Start your day with The Independent, sign up for daily news emails
News
The guide, since withdrawn, used illustrations and text to help people understand the court process (Getty)
newsMinistry of Justice gets law 'terribly wrong' in its guide to courts
News
Bobbi Kristina Brown with her mother Whitney Houston in 2011
people
News
Starting the day with a three-egg omelette could make people more charitable, according to new research
scienceFeed someone a big omelette, and they may give twice as much, thanks to a compound in the eggs
News
Top Gun actor Val Kilmer lost his small claims court battle in Van Nuys with the landlord of his Malibu mansion to get back his deposit after wallpapering over the kitchen cabinets
people
PROMOTED VIDEO
News
The actress Geraldine McEwan was perhaps best known for playing Agatha Christie's detective, Miss Marple (Rex)
peopleShe won a Bafta in 1991 for her role in Oranges Are Not The Only Fruit
News
newsPatrick Cockburn was able to update his agenda-setting 'The Rise of Islamic State' while under attack in Baghdad
News
Robert Fraser, aka Groovy Bob
peopleA new show honours Robert Fraser, one of the era's forgotten players
Life and Style
Torsten Sherwood's Noook is a simple construction toy for creating mini-architecture
tech
Sport
David Silva celebrates with Sergio Aguero after equalising against Chelsea
footballChelsea 1 Manchester City 1
News
i100
ebooks
ebooksA special investigation by Andy McSmith
Latest stories from i100
Have you tried new the Independent Digital Edition apps?
Independent Dating
and  

By clicking 'Search' you
are agreeing to our
Terms of Use.

iJobs Job Widget
iJobs Money & Business

Recruitment Genius: Software Development Manager

£40000 - £50000 per annum: Recruitment Genius: This is an exciting opportunity...

Ashdown Group: Product Manager - (Product Marketing, Financial Services)

£30000 - £35000 per annum + Benefits: Ashdown Group: Marketing Manager - Marke...

Recruitment Genius: Compliance Assistant

£13000 per annum: Recruitment Genius: This Pension Specialist was established ...

Ashdown Group: Market Research Executive

£23000 - £26000 per annum + Benefits: Ashdown Group: Market Research Executive...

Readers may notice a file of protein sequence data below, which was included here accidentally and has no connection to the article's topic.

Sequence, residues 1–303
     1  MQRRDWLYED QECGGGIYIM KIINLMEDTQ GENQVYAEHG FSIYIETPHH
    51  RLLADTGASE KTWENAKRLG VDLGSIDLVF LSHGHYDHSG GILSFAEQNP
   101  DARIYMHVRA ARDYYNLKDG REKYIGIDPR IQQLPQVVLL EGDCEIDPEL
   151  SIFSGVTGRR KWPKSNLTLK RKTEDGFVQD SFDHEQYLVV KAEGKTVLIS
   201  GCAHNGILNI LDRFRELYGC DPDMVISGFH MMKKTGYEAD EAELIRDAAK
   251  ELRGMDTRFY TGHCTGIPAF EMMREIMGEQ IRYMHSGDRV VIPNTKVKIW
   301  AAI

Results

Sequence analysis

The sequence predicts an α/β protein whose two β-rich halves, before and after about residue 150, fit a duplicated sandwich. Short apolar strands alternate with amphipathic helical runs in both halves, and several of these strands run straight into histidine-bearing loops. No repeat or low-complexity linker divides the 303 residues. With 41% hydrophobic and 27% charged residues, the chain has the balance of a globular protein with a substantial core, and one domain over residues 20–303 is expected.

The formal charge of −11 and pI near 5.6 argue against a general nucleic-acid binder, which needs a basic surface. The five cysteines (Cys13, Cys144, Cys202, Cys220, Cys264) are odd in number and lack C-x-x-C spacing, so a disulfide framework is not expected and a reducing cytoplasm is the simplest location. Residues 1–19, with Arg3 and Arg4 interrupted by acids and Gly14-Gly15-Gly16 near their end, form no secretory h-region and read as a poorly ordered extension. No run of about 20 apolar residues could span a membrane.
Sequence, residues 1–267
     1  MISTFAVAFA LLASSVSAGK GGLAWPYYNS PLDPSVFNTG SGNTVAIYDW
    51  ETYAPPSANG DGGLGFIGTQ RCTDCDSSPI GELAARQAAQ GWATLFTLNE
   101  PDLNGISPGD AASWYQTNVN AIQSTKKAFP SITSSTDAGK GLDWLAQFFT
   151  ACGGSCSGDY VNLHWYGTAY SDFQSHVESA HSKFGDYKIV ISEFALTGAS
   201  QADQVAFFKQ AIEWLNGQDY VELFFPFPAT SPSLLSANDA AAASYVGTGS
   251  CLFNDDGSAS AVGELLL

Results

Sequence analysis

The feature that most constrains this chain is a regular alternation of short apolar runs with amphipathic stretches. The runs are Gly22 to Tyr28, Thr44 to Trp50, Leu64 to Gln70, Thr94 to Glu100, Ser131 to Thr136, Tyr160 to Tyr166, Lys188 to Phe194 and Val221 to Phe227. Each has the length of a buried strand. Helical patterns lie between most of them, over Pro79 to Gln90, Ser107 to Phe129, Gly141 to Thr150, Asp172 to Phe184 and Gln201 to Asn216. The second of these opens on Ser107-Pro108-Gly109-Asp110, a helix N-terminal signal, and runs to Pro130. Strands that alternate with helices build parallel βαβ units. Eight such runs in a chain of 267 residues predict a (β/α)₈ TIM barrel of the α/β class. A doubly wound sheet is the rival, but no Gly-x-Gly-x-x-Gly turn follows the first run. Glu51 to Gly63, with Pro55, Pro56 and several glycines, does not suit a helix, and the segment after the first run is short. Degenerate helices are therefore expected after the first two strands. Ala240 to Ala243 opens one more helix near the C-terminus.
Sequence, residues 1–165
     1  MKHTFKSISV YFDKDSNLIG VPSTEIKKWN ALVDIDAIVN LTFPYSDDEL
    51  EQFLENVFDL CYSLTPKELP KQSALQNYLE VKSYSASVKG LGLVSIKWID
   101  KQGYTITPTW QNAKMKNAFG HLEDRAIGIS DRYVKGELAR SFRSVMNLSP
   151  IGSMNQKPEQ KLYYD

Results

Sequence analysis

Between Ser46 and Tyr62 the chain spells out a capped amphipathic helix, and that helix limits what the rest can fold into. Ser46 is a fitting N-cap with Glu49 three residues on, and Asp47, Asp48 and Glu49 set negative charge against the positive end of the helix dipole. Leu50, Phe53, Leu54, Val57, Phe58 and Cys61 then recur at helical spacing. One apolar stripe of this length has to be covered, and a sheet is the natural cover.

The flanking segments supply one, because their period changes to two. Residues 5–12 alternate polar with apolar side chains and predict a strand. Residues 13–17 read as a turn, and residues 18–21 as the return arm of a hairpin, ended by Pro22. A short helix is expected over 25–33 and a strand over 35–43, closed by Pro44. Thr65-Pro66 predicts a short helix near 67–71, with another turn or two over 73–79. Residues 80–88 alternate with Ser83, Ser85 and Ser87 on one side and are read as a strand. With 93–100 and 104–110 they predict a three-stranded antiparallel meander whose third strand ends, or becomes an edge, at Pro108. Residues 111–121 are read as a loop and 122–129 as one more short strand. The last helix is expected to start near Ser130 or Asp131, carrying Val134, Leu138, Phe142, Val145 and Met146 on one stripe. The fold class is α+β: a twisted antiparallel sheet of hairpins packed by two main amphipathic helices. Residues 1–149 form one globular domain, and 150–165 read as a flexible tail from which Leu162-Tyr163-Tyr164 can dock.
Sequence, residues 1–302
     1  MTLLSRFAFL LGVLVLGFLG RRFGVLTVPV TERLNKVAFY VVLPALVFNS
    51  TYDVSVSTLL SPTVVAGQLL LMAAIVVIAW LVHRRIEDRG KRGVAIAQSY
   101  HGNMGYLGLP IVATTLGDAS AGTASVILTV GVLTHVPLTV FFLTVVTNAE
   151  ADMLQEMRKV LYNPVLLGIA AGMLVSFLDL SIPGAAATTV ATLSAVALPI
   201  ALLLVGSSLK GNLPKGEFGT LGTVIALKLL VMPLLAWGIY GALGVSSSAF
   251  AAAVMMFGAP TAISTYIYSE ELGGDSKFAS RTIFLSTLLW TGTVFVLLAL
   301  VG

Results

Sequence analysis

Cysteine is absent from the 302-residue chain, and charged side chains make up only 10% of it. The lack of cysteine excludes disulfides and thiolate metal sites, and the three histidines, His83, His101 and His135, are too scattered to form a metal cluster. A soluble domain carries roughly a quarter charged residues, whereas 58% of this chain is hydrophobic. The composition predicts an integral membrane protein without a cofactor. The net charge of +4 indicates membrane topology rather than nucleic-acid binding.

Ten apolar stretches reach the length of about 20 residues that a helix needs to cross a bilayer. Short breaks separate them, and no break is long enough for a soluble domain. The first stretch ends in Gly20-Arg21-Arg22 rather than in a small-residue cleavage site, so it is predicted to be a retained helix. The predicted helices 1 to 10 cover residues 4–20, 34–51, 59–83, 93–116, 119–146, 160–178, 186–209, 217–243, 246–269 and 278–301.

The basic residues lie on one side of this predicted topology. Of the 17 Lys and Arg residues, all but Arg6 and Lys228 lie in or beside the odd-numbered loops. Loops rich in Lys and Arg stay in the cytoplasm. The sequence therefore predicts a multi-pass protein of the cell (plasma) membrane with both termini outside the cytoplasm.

Day In a Page

As in 1942, Germany must show restraint over Greece

As in 1942, Germany must show restraint over Greece

Mussolini tried to warn his ally of the danger of bringing the country to its knees. So should we, says Patrick Cockburn
Britain's widening poverty gap should be causing outrage at the start of the election campaign

The short stroll that should be our walk of shame

Courting the global elite has failed to benefit Britain, as the vast disparity in wealth on display in the capital shows
Homeless Veterans appeal: The rise of the working poor: when having a job cannot prevent poverty

Homeless Veterans appeal

The rise of the working poor: when having a job cannot prevent poverty
Prince Charles the saviour of the nation? A new book highlights concerns about how political he will be when he eventually becomes king

Prince Charles the saviour of the nation?

A new book highlights concerns about how political he will be when he eventually becomes king
How books can defeat Isis: Patrick Cockburn was able to update his agenda-setting 'The Rise of Islamic State' while under attack in Baghdad

How books can defeat Isis

Patrick Cockburn was able to update his agenda-setting 'The Rise of Islamic State' while under attack in Baghdad
Judith Hackitt: The myths of elf 'n' safety

Judith Hackitt: The myths of elf 'n' safety

She may be in charge of minimising our risks of injury, but the chair of the Health and Safety Executive still wants children to be able to hurt themselves
The open loathing between Barack Obama and Benjamin Netanyahu just got worse

The open loathing between Obama and Netanyahu just got worse

The Israeli PM's relationship with the Obama has always been chilly, but going over the President's head on Iran will do him no favours, says Rupert Cornwell
French chefs get 'le huff' as nation slips down global cuisine rankings

French chefs get 'le huff' as nation slips down global cuisine rankings

Fury at British best restaurants survey sees French magazine produce a rival list
Star choreographer Matthew Bourne gives young carers a chance to perform at Sadler's Wells

Young carers to make dance debut

What happened when superstar choreographer Matthew Bourne encouraged 27 teenage carers to think about themselves for once?
Design Council's 70th anniversary: Four of the most intriguing prototypes from Ones to Watch

Design Council's 70th anniversary

Four of the most intriguing prototypes from Ones to Watch
Dame Harriet Walter: The actress on learning what it is to age, plastic surgery, and her unease at being honoured by the establishment

Dame Harriet Walter interview

The actress on learning what it is to age, plastic surgery, and her unease at being honoured by the establishment
Art should not be a slave to the ideas driving it

Art should not be a slave to the ideas driving it

Critics of Tom Stoppard's new play seem to agree that cerebral can never trump character, says DJ Taylor
Bill Granger recipes: Our chef's winter salads will make you feel energised through February

Bill Granger's winter salads

Salads aren't just a bit on the side, says our chef - their crunch, colour and natural goodness are perfect for a midwinter pick-me-up
England vs Wales: Cool head George Ford ready to put out dragon fire

George Ford: Cool head ready to put out dragon fire

No 10’s calmness under pressure will be key for England in Cardiff
Michael Calvin: Time for Old Firm to put aside bigotry and forge new links

Michael Calvin's Last Word

Time for Old Firm to put aside bigotry and forge new links